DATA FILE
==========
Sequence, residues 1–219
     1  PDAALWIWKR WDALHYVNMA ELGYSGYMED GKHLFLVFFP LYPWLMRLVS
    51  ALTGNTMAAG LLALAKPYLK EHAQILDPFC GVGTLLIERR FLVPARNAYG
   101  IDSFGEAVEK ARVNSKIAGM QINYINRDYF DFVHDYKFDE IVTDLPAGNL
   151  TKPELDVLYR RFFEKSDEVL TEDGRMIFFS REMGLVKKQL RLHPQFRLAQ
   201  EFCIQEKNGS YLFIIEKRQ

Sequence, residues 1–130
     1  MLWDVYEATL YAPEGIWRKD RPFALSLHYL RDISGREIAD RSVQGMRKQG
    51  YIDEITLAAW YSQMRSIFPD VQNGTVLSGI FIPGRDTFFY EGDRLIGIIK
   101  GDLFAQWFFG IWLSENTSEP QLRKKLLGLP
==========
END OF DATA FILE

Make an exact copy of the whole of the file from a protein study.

Sequence, residues 1–219
     1  PDAALWIWKR WDALHYVNMA ELGYSGYMED GKHLFLVFFP LYPWLMRLVS
    51  ALTGNTMAAG LLALAKPYLK EHAQILDPFC GVGTLLIERR FLVPARNAYG
   101  IDSFGEAVEK ARVNSKIAGM QINYINRDYF DFVHDYKFDE IVTDLPAGNL
   151  TKPELDVLYR RFFEKSDEVL TEDGRMIFFS REMGLVKKQL RLHPQFRLAQ
   201  EFCIQEKNGS YLFIIEKRQ

Sequence, residues 1–130
     1  MLWDVYEATL YAPEGIWRKD RPFALSLHYL RDISGREIAD RSVQGMRKQG
    51  YIDEITLAAW YSQMRSIFPD VQNGTVLSGI FIPGRDTFFY EGDRLIGIIK
   101  GDLFAQWFFG IWLSENTSEP QLRKKLLGLP